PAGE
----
"While discussing the growing antipathy toward Christians, a friend remarked to me, "There are three kinds of Christians that outsiders to the faith still respect: pilgrims, activists, and artists. The uncommitted will listen to them far sooner than to an evangelist or apologist." Although nonbelievers do not oppose a spiritual search, they will listen only to those Christians who present themselves as fellow-pilgrims on the way rather than as part of a superior class who has already arrived. Activists express their faith in the most persuasive way of all, by their deeds. And art succeeds when it speaks most authentically to the human condition; when believers do so with skill, again the world takes note." Philip Yancey, Vanishing Grace p. 89
As artists, we have the opportunity to be grace dispensers. We can add to the truth and beauty of the human experience. It is important that we are the best artists we can be so that our lack of skill does not impede the image we feel compelled to share. If we do our job well, we should bring hope, clarity and a curiosity about what we believe and why we live our life the way we do. Artists are not needed to add to the chaos and noise of our world. There is plenty of ugliness on display in the nightly news. Sadly, I can’t undo the tragedy that happened at a Florida school last week, but I can accept the invitation to share in the task of dispensing grace and hope to a hurting world. How will you be a grace dispenser today?
Art Group met at my house last night. I love my art group. There are six of us who get together to paint, draw, and just talk about our lives nearly every week of the year. Sounds perfect doesn't it. To be honest, I never want to go to art group, or host art group, even though I love art group. I'm lazy, we meet at night, and I just want to be in my pajamas and go to sleep at night because I'm really not my best self at night; but, once we're together there is no other place I'd rather be.
The Newcomer's Art Club in Oxford, England really saved my sanity in so many ways for those years I lived abroad. Having someone who's glad to see you every week is important. Some people don't have the luxury of getting together with friends to paint. Many schools across the country are cutting art programs all together. I've been thinking about how I can help those who long to be creative but don't know how to go it alone, maybe expatriates in a foreign country, or who live in a rural community, or for one reason or another don't have friends to paint with or access to friendly, non-competitive instruction.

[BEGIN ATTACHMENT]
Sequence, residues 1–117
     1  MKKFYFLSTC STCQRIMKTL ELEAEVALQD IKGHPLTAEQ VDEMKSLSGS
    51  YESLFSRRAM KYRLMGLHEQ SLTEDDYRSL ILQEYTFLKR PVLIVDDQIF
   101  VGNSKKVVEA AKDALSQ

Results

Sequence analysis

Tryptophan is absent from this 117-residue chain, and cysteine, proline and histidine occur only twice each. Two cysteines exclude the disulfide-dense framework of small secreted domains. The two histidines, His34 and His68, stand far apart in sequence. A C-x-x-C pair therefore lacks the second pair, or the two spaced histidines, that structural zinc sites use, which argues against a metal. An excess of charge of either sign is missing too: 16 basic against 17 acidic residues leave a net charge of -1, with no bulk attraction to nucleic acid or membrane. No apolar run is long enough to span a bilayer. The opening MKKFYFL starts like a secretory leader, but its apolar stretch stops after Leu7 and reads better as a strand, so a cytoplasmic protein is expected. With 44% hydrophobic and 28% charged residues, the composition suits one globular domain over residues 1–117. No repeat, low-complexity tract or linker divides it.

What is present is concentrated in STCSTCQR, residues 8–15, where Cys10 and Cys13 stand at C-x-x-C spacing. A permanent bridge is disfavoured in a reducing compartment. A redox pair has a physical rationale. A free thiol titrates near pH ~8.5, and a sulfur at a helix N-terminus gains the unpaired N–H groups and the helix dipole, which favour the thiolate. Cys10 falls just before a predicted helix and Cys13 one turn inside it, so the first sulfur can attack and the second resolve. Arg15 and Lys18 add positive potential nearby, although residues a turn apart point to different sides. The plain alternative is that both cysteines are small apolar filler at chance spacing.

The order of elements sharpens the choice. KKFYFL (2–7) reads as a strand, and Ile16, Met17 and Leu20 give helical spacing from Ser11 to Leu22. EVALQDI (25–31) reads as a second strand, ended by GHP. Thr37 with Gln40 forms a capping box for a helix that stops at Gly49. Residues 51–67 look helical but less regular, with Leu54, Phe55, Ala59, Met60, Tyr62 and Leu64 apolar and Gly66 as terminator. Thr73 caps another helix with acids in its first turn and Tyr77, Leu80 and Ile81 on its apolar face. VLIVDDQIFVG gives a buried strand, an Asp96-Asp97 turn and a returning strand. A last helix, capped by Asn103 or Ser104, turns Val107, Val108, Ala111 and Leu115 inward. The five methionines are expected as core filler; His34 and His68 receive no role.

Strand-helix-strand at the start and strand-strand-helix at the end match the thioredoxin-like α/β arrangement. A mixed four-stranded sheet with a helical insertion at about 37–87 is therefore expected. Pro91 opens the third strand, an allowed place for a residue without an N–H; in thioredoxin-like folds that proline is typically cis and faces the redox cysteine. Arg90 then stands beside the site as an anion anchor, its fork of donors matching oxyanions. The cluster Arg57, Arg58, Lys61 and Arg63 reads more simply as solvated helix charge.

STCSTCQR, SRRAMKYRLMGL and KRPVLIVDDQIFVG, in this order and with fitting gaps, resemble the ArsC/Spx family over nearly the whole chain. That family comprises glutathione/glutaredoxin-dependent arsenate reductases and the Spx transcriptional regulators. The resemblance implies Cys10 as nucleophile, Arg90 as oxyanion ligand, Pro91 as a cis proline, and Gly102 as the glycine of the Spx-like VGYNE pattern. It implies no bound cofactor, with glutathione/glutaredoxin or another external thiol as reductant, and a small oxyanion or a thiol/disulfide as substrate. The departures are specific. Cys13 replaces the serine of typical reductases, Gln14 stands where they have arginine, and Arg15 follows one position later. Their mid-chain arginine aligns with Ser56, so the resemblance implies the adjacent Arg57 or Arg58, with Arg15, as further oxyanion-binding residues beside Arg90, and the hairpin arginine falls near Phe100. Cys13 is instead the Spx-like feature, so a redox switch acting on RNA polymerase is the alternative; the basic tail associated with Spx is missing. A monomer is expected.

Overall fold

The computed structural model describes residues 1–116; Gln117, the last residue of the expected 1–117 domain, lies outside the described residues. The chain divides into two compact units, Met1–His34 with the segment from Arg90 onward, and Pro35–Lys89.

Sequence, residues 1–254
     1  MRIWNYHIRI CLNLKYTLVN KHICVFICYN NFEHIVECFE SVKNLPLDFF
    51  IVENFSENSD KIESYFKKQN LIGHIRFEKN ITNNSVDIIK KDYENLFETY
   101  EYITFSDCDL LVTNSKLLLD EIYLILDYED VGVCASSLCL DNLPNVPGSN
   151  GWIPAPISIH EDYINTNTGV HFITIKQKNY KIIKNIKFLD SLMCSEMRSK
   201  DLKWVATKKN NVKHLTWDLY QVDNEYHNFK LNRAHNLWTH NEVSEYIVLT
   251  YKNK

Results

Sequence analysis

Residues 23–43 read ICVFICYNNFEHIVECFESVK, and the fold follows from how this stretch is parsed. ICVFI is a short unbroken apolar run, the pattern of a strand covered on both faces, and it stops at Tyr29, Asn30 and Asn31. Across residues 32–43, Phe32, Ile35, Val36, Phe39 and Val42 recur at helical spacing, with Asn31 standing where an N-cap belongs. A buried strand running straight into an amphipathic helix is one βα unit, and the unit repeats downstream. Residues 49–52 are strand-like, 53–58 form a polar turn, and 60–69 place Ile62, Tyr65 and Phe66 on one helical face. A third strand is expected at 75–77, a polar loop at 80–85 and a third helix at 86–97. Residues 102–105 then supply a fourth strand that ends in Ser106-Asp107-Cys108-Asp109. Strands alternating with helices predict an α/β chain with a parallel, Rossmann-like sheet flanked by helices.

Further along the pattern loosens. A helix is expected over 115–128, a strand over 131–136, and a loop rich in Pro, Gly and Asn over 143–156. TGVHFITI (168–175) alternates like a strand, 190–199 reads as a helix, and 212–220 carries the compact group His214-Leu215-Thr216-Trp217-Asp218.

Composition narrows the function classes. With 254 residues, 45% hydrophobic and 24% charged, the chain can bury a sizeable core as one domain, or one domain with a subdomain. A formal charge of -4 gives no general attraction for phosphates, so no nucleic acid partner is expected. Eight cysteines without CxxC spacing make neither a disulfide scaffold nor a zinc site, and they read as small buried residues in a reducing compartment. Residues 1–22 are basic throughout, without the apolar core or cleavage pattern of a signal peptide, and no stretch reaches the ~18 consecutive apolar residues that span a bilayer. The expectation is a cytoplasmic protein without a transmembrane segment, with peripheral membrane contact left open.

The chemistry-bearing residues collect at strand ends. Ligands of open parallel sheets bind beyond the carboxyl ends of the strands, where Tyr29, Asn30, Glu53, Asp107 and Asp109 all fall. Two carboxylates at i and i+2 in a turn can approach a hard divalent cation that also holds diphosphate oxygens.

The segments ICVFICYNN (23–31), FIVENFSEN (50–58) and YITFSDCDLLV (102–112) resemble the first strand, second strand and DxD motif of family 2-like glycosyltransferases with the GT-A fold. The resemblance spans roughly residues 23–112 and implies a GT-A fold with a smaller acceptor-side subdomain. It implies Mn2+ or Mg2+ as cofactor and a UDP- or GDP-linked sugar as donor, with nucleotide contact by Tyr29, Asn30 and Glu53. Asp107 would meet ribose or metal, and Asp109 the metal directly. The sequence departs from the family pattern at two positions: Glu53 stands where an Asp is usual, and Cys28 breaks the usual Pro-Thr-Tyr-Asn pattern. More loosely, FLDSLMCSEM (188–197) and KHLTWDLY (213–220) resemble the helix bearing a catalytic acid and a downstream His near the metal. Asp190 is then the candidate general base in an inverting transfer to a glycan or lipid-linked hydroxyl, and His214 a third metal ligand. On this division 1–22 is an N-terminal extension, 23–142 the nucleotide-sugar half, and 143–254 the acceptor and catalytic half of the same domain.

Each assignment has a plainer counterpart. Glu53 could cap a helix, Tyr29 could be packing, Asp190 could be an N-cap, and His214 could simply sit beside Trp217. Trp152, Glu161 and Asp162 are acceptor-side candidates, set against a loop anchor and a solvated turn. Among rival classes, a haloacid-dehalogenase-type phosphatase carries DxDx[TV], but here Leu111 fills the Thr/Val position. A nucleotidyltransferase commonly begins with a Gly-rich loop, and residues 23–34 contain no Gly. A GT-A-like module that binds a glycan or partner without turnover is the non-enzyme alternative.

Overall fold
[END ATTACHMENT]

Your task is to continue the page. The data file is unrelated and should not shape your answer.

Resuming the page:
So, I've started a YouTube channel. It's nothing fancy, just me teaching you how to do some art that I'm interested in and giving you tips and tricks along the way. I know I'm not really there with you, but I hope it feels like you have a friendly, encouraging artist friend in me who will help you try new things, cheer you along the way, and answer any questions you have about art. If you like me or love me please subscribe to my YouTube channel so that it will become more findable for the people who need it most. Thanks for all the support you give me friends! I appreciate you.
Check out my introduction video and share this url with friends you think would benefit: www.youtube.com/watch?v=Xq3FX4HOOQ0
The truth is, “Not much.” I think many artistically inclined people never get started painting because they think, “I don’t have the space, time, or money to paint.” But, that’s just wrong thinking. Instead they should think, “What do I already have that I can use?” Once started, they will find the time they spend learning to paint flies by blissfully. Jane Austen wrote her novels at a desk no bigger than a side table with ink, pen, and paper. I have painted on my lap while perched on some uncomfortable rocks in the fog. Go through your house, see what art supplies you already have, open up a TV tray table and get started.
Recently, I went to the beach with my son for some impromptu fishing and muscle harvesting. I intended to paint the landscape if the tide was high, so I grabbed a few things on my way out the door. Now, I’m an artist with hundreds of dollars worth of supplies ready to go, but my daughter snagged my favorite water color paint set. (I would complain about the theft except that she uses them more than I do and makes beautiful water color paintings). So, I was left to grab paints from a water color paint by number my daughter received years ago, 4 half sheets of left over 9”x12” water color paper, an acrylic clip board, plastic cup, pencil, 2 paper towels, 2 paint brushes and 3 water color pens. I totally forgot a pallet for mixing colors. Oh well.
It was slightly overcast at the beach, which is great in California so you don’t go blind as an artist, and the tide was high so I found a rock and set out to start painting. For some strange reason, a bank of fog rolled in from the ocean so thick I could not see where my car was parked about 30 feet away. So, much for practicing landscape today. I rummaged around in my bag and found an image I printed out from Pinterest. I remember being frustrated because the original site was no longer up so I couldn’t find any instructions for how they created the image, but I liked it enough to print it out anyway and use it for inspiration. Well, I grabbed a CD from my car and ta-da I cranked out 4 paintings. Once the fog cleared out I was able to use the local landscape for inspiration to make the Pinterest artist’s idea my own. Can you tell which paintings I created during the fog and which ones I painted once the fog lifted. LOL. That's real life right there.